> >
> > First, the special inspection required by section 1701 of the UBC or
1704
> of the IBC is a different animal from the Structural Observation that the
> SEOR provides per section 1702 of the UBC or 1709 of IBC. Therefore, it
will
> never be substitute for the engineer visiting his/her own job site. It's
in
> addition to that.
> >
> > Second, Special inspectors are certified in their field by ICC or other
> agencies approved by the local jurisdiction. Many of them are quite
> knowledgeable about what they do. In fact they may know a lot more about
> actual construction practices than a design engineer does. They are
required
> to be present continuously at the job site while a certain task like
> concrete rebar placement, or welding is being performed.
> >
> > Third, In regard to the cost, we still haven't determined what is the
best
> way to do this. It's still under consideration. However, the fact of the
> matter is whether they will be our own employees or hired consultants, at
> the end of the day, they will be accountable to us and will be supervised
by
> us.
> >
> > Ben Yousefi, SE
> > Santa Monica, CA
> >
> > >>> hemstad.ml(--nospam--at)tkda.com 05/07/04 07:15AM >>>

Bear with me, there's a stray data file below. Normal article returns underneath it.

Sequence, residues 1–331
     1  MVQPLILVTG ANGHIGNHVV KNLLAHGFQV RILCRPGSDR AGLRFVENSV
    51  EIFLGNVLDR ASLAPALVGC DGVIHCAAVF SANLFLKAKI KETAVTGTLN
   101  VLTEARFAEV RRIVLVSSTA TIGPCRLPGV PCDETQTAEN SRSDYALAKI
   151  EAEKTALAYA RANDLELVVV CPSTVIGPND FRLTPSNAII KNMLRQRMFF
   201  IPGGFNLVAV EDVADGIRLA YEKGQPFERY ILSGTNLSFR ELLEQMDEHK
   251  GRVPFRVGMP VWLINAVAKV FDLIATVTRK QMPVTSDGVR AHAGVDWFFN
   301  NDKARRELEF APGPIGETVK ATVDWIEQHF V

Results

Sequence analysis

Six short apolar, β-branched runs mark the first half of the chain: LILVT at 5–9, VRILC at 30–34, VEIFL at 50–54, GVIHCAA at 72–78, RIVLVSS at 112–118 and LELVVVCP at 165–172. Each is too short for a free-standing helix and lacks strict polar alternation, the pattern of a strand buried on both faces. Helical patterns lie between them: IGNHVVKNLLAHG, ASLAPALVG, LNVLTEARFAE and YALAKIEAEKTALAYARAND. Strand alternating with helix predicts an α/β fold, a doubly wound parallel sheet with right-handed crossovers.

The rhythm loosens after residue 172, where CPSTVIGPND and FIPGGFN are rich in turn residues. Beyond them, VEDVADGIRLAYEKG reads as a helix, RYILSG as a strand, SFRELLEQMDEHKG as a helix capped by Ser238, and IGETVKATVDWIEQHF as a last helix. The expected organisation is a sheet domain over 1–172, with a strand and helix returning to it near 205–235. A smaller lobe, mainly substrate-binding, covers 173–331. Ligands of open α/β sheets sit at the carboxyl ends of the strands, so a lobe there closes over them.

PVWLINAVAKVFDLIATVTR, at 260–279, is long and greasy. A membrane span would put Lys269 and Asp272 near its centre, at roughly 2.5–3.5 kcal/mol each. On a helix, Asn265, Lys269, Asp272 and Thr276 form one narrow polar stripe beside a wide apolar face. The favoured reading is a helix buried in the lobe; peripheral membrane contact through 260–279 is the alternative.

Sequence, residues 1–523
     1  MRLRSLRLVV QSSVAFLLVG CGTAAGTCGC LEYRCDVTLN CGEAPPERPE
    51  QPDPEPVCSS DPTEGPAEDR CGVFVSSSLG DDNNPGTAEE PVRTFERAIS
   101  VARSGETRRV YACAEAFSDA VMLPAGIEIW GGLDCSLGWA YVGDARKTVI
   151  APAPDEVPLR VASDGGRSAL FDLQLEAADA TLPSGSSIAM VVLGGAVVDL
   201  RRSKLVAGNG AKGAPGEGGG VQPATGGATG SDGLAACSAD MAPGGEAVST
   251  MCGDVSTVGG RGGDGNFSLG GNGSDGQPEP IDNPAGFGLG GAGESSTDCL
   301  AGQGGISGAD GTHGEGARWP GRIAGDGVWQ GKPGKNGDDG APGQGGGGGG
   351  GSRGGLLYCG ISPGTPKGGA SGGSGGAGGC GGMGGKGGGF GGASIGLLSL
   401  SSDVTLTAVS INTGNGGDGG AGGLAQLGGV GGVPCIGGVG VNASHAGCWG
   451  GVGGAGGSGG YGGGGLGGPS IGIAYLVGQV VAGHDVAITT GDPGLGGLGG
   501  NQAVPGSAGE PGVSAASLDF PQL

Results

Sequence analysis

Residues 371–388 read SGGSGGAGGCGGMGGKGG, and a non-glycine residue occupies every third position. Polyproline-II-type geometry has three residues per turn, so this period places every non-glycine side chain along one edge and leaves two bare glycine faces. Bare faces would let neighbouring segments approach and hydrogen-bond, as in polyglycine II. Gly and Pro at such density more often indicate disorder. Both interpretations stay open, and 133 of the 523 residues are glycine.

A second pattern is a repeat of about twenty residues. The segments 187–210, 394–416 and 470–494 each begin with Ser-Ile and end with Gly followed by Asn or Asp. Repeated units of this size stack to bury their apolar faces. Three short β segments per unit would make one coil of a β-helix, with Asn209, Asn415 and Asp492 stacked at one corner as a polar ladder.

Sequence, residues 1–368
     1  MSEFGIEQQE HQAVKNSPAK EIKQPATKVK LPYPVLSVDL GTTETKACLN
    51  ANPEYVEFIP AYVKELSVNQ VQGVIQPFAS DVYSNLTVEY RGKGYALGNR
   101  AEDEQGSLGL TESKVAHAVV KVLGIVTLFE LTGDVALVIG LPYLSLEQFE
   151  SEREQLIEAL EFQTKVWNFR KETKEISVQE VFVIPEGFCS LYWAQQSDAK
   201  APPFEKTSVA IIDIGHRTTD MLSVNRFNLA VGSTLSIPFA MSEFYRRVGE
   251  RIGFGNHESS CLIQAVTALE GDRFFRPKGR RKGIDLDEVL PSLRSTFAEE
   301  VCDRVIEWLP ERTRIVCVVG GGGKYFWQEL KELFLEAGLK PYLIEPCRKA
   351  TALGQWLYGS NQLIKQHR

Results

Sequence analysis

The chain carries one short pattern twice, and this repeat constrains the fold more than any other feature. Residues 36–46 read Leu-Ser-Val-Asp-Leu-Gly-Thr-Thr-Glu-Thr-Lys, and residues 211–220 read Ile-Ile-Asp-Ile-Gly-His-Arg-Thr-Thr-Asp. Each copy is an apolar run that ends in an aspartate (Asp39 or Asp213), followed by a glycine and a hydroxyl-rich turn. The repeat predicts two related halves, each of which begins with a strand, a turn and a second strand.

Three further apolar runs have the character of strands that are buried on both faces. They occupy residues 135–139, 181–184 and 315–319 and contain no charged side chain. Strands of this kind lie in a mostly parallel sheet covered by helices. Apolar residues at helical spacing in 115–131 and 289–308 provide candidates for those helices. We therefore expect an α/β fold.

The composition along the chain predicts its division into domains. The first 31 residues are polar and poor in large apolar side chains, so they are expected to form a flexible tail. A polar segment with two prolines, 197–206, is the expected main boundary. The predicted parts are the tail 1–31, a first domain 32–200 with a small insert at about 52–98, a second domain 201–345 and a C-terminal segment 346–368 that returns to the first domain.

> > > -----Original Message-----
> > > From: Ben Yousefi [mailto:Ben-Yousefi(--nospam--at)ci.santa-monica.ca.us]
> > > Sent: Tuesday, May 04, 2004 9:01 AM
> > > To: seaint(--nospam--at)seaint.org
> > > Subject: Special inspection abuses, was (structural observation -
> > > history?)
> > >
> > >
> > > Or, as we are getting ready to implement here, the
> > > jurisdiction could get involved in administrating the special
> > > inspection program.
> > >
> > > We all have seen much abuse and inadequate enforcement in
> > > special inspection practice. So, Santa Monica is getting
> > > geared up for taking control of the special inspection
> > > program. We will hire the special inspectors ourselves,
> > > assign them to projects, and oversee the quality control of